David Marr, A crowded hour, an endless pursuit, The Sydney Morning Herald, March 22, 2008
Marr’s is easily the best account of G20 and its aftermath to appear in the state/corporate media thus far. Note that while Marr makes a reference to ‘persons of interest’, he fails to consider the implications of The Age‘s decision to publish a compilation of photos provided to the newspaper by police. Note also that, according to figures provided by UNICEF, since the G20 summit ended on November 19, 2006 to today, March 27, 2008, 14,850,000 children have died as a result of ‘poverty’. See also : afterg20.org: organising support for arrestees | G20 @ slackbastard
…By the time it was all over, police had about 10,000 photographs and 3500 hours of footage to scan for malefactors.
The white paper overalls worn by so many “persons of interest” presented a challenge. Police had to rely on glimpses of shoes, bandanas, glasses, earrings, moles, teeth and T-shirts to identify suspects. When the raids began around Melbourne and later in Sydney, police headed straight for clothes cupboards. The 109-page official Summary of Offences reads like a rag-trade inventory.
Arrests began even before the G20 flew out of Melbourne. Drasko Boljevic, who was out of town on the Saturday, was picked up in the CBD on Sunday and thrown into a police van. The Age quoted Boljevic saying he was tied up and driven round the city with a policeman sitting on his head. He was then handcuffed, arrested and released. Later, the police commissioner, Christine Nixon, confirmed a man had been mistakenly arrested.
Arrests continued for a year. One accused was brought down [December 10, 2007] from Queensland. Another was arrested at Mascot [November 15, 2007] as he flew from New Zealand to Spain on holiday. One was arrested quite by chance after an off-duty policeman out shopping saw a hardware store employee showing his mates his face in a newspaper photograph of the demonstration. Police reckon luck has been running their way throughout the G20 clean-up.
They are naturally reluctant to say how many demonstrators they’d hoped to arrest. They emphasise the case is not closed. Fresh arrests could be made at any time if they identify more faces in their picture files. But, as of now, the total number arrested is 28.
■ Akin Sari went wild at G20. He was a Monash student and political refugee from Turkey with a history of psychiatric difficulties. His role in the occupations made him the “poster boy” of G20. His picture was everywhere. Earlier this month he was sentenced to a minimum of 14 months’ imprisonment after pleading guilty to aggravated burglary and theft, two counts of common assault and riot, and three counts of criminal damage;
■ Ten other demonstrators, average age 24, have pleaded guilty to charges of riot, affray and assault. They are university students – Monash and Melbourne – plus a barman, child-care worker and a couple of unemployed. They are to be sentenced in the Melbourne Magistrates Court;
■ Four children – three arrested in Melbourne and one in Sydney – face serious charges including riot and affray. Their cases will resume in the Melbourne Children’s Court late next month; and
■ The 13 sent to trial last Thursday. Police have done well in the committal proceedings that began in February. Apart from a few charges they have withdrawn over the past few weeks and a handful rejected on Thursday by the magistrate, Sarah Dawes, the G20 case will go through to the County Court intact.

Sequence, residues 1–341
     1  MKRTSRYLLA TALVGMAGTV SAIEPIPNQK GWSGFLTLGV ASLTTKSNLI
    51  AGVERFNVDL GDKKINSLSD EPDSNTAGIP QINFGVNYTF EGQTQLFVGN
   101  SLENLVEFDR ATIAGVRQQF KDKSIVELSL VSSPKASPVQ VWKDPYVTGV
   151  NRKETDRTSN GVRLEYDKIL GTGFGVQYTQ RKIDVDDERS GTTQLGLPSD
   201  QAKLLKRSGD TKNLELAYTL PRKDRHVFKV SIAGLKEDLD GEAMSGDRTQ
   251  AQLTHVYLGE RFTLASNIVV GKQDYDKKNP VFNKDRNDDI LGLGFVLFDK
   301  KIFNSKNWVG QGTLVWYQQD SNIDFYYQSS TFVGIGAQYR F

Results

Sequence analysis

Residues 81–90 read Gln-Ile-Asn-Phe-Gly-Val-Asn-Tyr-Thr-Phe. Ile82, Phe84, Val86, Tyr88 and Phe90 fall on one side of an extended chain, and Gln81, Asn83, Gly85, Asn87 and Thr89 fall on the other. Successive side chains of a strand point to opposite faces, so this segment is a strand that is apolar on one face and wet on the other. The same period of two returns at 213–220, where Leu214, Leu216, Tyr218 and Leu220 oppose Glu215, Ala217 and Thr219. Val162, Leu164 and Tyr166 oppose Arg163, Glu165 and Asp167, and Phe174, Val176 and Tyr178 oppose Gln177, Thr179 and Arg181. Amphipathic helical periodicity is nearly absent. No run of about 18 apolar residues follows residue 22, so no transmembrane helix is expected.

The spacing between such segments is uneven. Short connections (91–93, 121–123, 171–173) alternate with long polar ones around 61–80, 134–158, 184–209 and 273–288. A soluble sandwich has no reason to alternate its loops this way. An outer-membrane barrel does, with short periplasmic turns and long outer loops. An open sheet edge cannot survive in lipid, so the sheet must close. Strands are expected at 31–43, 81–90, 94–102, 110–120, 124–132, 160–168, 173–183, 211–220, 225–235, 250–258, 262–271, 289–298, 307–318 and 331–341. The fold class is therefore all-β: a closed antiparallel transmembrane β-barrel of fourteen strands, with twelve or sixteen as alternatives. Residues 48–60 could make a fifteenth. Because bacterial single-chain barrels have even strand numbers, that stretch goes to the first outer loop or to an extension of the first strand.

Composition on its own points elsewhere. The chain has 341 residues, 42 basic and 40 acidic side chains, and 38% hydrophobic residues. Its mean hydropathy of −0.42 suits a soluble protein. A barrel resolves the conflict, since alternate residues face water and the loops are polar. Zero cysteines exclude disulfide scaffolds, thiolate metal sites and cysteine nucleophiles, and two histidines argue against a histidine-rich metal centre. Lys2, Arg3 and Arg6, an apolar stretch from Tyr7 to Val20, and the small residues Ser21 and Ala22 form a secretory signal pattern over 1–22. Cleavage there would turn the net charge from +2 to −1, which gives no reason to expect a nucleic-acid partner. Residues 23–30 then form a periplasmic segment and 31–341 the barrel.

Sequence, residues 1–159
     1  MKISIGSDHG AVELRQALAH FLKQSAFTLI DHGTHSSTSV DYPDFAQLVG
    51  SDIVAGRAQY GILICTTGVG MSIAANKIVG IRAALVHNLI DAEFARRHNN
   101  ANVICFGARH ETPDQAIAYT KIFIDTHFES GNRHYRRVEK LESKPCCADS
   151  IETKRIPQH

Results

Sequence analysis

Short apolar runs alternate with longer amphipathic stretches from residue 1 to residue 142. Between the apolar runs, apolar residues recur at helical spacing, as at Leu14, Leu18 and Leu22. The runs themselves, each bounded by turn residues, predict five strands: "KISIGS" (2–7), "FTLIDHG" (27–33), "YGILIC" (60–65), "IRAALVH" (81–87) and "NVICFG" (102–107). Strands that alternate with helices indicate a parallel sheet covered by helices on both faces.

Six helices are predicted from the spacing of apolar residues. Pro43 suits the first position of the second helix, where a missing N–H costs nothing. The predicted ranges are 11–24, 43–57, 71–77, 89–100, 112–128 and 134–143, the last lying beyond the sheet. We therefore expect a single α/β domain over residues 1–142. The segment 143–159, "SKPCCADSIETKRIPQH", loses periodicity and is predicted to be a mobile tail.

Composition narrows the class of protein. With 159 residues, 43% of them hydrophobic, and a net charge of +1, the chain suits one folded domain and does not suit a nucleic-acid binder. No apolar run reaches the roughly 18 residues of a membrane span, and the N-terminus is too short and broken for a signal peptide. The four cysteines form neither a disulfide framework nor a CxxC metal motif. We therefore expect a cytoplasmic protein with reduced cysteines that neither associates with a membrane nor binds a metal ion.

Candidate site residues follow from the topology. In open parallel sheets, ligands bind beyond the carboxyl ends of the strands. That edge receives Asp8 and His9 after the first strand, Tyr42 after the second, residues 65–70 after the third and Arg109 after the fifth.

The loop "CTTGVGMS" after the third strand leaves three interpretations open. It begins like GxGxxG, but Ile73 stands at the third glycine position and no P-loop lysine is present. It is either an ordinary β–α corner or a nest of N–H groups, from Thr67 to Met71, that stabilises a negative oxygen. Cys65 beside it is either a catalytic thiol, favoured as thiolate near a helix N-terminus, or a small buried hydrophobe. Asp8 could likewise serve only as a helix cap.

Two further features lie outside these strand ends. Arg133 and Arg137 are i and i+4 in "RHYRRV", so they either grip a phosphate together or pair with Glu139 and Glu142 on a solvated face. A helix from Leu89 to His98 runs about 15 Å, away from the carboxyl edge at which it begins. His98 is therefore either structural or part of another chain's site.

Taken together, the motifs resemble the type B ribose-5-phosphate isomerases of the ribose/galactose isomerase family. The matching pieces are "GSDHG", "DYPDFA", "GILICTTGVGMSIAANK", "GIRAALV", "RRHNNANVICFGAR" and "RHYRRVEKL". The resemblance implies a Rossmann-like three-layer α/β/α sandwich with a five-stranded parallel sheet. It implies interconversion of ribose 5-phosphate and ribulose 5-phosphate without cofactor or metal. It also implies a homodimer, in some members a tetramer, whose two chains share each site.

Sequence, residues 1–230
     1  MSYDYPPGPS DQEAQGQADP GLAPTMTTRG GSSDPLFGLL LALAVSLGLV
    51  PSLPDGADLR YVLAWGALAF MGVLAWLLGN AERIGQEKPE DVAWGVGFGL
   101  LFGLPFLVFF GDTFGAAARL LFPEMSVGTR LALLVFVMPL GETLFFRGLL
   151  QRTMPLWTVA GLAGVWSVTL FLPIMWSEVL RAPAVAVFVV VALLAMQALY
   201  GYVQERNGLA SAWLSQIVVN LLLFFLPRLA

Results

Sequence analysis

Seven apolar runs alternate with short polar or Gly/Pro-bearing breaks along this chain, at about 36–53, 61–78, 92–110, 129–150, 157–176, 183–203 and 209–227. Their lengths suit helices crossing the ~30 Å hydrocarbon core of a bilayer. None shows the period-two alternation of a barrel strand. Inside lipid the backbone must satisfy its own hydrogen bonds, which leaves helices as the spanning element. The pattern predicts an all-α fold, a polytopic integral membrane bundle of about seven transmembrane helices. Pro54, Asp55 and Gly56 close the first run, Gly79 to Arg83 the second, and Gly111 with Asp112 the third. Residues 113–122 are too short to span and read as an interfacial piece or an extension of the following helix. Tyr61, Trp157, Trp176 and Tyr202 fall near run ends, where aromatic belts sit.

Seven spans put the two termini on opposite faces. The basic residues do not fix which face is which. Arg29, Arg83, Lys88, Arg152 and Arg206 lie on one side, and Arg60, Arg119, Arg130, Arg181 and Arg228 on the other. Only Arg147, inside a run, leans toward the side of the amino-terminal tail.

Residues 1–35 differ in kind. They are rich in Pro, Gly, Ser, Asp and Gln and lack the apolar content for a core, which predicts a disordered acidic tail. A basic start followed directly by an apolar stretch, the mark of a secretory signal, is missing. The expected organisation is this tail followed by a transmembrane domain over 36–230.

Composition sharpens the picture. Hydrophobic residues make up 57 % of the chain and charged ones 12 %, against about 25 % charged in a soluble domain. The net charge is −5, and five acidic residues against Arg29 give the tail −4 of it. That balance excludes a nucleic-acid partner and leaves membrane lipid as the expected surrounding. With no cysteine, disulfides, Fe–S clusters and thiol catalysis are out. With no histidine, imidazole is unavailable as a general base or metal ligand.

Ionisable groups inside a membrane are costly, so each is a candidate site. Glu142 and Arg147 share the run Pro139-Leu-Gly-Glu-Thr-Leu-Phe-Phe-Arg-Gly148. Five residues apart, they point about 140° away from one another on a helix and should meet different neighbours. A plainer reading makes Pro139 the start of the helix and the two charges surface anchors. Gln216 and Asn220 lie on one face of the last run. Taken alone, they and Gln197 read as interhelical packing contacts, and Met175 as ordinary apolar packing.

The media ballyhoo that marked the demonstration and early stages of this case has died away. The magistrate’s decision went unmarked in Melbourne newspapers.
No one can say when the trial will decide the deeply contested issues of G20. The best estimate is not before its third anniversary late next year.
Melbourne Anarchist Communist Group
TV SMITH Live at the 100 Club, April 5, 2007
Re//Fusing Structures : Stevphen Shukaitis
Constituent Imagination : Militant Investigations // Collective Theorization, Edited by Stevphen Shukaitis + David Graeber with Erika Biddle : “From the ivory tower to the barricades! Radical intellectuals explore the relationship between research and resistance.”
Students for a Democratic Society : A Graphic History, Written (mostly) by Harvey Pekar,* Art (mostly) by Gary Dumm, Edited by Paul Buhle, Published by Farrar, Straus & Girroux / Hill & Wang, 2008
ephemera : theory & politics in organization
more seriously (and intelligibly)…
Anthony Rocca kicked six goals in Collingwood’s 26 point season opening win over Fremantle as the Pies ran out the game better than their rivals.
“If Anthony Rocca kicks six they will usually win. But they have got good run and movement – but he (Rocca) is still the main strike weapon,” Matthews said.
“(Lions fullback) Daniel Merrett will get that job and it will be a big task.
“They were impressive on the weekend. They were strong.”
Matthews was clearly licking his lips ahead of the Friday night showdown.
“Collingwood games are always big. You have the big crowd, big interest – the love `em or hate `em attitude is what Collingwood is all about,” he said.
“From a marketing point of view playing them up here early in the year is exactly what you want and from a playing point of view it’s always a little different for all the same reasons.”
PS. Anton Pannekoek, ‘Class Struggle and Nation’ (1912)